Even if I do not always agree with Levy, her writing is impeccable. Especially the second chapter, about her childhood in Apartheid South Africa, was brilliant. I cannot wait to get to the rest of her Living Autobiography (and in time to read the final volumne which will come out later this year!).
Feb 16, 2018 rated it it was amazing
Levy is one of my all time favorite fiction writers, but I have never really been able to get into her non-fiction (or, for that matter, her plays - which is odd, since theatre is my field). That said, I really enjoyed this mash-up of autobiography and 'justice' for writing, which perhaps has more in common with her fiction than I first supposed. I could wax on about the specifics, but I'm going to be lazy and just reference my friend Neil's review, which says everything and more I could/would, ...more
Diane Barnes
Nov 08, 2018 rated it liked it
I have not read any of Levy's fiction, but this short autobiographical book was a good introduction to her writing. The section on her childhood in South Africa was especially good. ...more
aayushi girdhar
Feb 28, 2020 rated it really liked it  ·  review of another edition
Shelves: uk
deborah levy wrote 'things i don't want to know' as a feminist response to orwell's 'why i write'. this first part of a three part living autobiography series tracks how a gentle and reserved woman became a prolific writer.

'to speak up is to not about speaking louder, it is about feeling entitled to voice a wish.'
i never thought of myself as a writer, but in the past few months I've found myself turn to the blank pages of my diary to find my voice. it refuses to speak to me unless i give it an
Jul 10, 2018 rated it it was amazing
I bumped this up to a 5 as I’ve been thinking about it since I finished it. Levy explains why in her childhood no one in her family was capable of putting the lid back on any jar of bottle, as they were living in exile, and thus their kitchen was in a permanent state of metaphoric squalor they could do nothing about. And plenty of other lovely bits in this small book.

Her description of motherhood is hilarious and harsh and so true.
Sep 20, 2017 rated it really liked it  ·  review of another edition
Thoroughly enjoyable read on why Deborah Levy writes. My only criticism is that it felt way too short, but at least the second instalment of this "living autobiography" - The Cost of Living - is out soon. ...more
May 03, 2020 rated it really liked it  ·  review of another edition
Things I don't want to know:

As a woman, I would be counted amongst the most vulnerable at any given point of time, children and the elderly my only companions in this wretched demarcation.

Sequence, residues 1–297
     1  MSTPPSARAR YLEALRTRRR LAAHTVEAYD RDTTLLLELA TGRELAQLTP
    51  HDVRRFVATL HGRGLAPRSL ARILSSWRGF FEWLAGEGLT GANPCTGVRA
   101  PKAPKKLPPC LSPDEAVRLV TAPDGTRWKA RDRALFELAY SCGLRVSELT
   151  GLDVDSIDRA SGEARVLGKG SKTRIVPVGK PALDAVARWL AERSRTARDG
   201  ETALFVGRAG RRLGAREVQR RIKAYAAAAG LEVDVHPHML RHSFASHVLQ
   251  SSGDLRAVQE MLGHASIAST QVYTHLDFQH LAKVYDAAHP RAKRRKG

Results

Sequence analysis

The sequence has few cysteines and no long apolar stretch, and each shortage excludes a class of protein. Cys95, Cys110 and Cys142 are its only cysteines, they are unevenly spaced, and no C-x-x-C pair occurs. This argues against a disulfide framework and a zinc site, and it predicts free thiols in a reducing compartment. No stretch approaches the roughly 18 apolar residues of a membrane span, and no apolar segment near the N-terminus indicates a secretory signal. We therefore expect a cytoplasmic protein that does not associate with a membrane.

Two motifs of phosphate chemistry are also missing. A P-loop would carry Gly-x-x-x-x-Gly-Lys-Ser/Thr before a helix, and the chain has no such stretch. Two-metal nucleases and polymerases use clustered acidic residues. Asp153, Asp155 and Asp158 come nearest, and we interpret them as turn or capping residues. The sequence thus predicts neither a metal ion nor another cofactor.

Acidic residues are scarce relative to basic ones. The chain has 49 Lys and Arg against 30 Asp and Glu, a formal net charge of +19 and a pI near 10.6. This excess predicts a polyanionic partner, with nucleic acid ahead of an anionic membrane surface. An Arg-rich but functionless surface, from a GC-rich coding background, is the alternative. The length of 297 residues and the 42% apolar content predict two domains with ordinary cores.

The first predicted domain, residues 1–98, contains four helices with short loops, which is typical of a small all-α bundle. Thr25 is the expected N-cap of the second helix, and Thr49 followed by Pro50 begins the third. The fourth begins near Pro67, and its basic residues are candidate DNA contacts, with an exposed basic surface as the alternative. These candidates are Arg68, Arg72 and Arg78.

As a woman, if I were to ever aspire to be anything, anything at all, my gendered existence would always accompany me, as an albatross around my neck, suffocating my attempts, and this tedious journey would end only with my own cessation.

As a woman, my achievements at work would never come easy and always be qu
Cátia Vieira
Why should you read this book?

Why I write is an essay by the renowned writer and essayist George Orwell, in which he explains his four motives for writing. His first motive is sheer egoism, his second is what he calls aesthetic enthusiasm, his third is historical impulse, and the last one is political impulse. In Things I Don’t Want to Know, Deborah Levy responds to all these motives with episodes from her own life.

From the first pages of this memoir/autobiographical essay, I was hooked. Deborah
Dec 06, 2020 rated it it was amazing  ·  review of another edition
For two weeks I carried this small blue book with me wherever I went. Reading about someone else's life, someone else's reasons to write, someone else's urge to cry on escalators in train stations, someone else's struggles with all the things they don't want to know was comforting. The back cover and spine are ruined, because I carried it with me in my bag in the rain when I had conversations about things I didn't want to know, reading as a tranquillizer, the reasons there are to write, the stru ...more
Feb 14, 2021 rated it it was amazing
“When happiness is happening it feels as if nothing else happened before it, it is a sensation that happens only in the present tense.”

now this is a book i wish i wrote.
Beth Bonini
Mar 05, 2019 rated it really liked it
In this book of essays - positioned as a ‘response to George Orwell’s 1946 essay Why I Write - author Deborah Levy has removed herself to an isolated spot outside of Palma, Majorca in order to contemplate a crossroads in her life. This particular crossroads seems to have something to do with the breakdown of her marriage, although she refers to that only obliquely. Instead, she talks about crying uncontrollably on elevators and the ways in which the ‘twenty-first-century Neo-Patriarchy’ make wom ...more
Jun 14, 2018 rated it really liked it  ·  review of another edition